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The Cryosphere An interactive open-access journal of the European Geosciences Union
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Volume 3, issue 1
The Cryosphere, 3, 113-123, 2009
https://doi.org/10.5194/tc-3-113-2009
© Author(s) 2009. This work is distributed under
the Creative Commons Attribution 3.0 License.
The Cryosphere, 3, 113-123, 2009
https://doi.org/10.5194/tc-3-113-2009
© Author(s) 2009. This work is distributed under
the Creative Commons Attribution 3.0 License.

  04 May 2009

04 May 2009

A new 1 km digital elevation model of Antarctica derived from combined radar and laser data – Part 2: Validation and error estimates

J. A. Griggs and J. L. Bamber J. A. Griggs and J. L. Bamber
  • Bristol Glaciology Centre, School of Geographical Sciences, University of Bristol, Bristol, UK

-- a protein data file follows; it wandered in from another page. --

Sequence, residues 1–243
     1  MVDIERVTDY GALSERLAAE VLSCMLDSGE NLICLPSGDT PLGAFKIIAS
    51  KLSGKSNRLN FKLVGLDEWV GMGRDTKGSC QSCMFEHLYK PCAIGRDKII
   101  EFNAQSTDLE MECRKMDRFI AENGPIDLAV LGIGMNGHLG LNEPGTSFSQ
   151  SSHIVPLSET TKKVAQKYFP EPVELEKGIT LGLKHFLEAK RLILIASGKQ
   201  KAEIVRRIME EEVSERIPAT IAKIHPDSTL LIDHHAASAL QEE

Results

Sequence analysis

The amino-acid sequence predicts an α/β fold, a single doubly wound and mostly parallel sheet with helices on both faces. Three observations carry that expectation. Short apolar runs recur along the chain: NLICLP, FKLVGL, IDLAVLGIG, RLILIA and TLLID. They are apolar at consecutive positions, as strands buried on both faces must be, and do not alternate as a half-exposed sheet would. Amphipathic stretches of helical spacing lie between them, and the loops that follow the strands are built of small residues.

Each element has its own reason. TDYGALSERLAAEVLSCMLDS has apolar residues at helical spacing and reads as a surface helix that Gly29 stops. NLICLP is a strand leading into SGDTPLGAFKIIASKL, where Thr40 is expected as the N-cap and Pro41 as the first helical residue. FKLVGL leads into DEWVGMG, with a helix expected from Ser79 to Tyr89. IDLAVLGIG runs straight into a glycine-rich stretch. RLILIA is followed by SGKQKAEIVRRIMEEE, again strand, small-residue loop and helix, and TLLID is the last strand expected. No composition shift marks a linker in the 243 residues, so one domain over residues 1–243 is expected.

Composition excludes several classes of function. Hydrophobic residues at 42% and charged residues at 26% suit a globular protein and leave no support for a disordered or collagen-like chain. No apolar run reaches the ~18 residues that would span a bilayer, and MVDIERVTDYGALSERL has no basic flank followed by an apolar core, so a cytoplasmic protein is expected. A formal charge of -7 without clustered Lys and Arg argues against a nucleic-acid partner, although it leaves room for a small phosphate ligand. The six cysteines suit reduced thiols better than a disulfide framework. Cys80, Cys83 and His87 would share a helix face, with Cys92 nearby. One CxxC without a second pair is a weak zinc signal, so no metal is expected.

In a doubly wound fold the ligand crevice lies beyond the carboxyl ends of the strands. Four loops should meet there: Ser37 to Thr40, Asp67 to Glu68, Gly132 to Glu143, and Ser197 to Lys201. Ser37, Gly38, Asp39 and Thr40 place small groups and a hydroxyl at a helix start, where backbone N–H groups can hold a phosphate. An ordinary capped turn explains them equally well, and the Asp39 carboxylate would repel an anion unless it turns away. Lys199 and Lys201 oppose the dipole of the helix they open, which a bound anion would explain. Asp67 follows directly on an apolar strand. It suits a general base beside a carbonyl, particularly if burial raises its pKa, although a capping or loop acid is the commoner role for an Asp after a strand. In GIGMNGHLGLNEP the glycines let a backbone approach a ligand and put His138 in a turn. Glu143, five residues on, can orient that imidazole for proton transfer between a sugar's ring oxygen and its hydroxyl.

Abstract. We have developed a new digital elevation model (DEM) of Antarctica from a combination of satellite radar and laser altimeter data. Here, we assess the accuracy of the DEM by comparison with airborne altimeter data from four campaigns covering a wide range of surface slopes and ice sheet regions. Root mean squared (RMS) differences varied from 4.75 m, when compared to a densely gridded airborne dataset over the Siple Coast region of West Antarctica to 33.78 m when compared to a more limited dataset over the Antarctic Peninsula where surface slopes are high and the across track spacing of the satellite data is relatively large. The airborne data sets were employed to produce an error map for the DEM by developing a multiple linear regression model based on the variables known to influence errors in the DEM. Errors were found to correlate highly with surface slope, roughness and density of satellite data points. Errors ranged from typically ~1 m over the ice shelves to between about 2 and 6 m for the majority of the grounded ice sheet. In the steeply sloping margins, along the Peninsula and mountain ranges the estimated error is several tens of metres. Less than 2% of the area covered by the satellite data had an estimated random error greater than 20 m.

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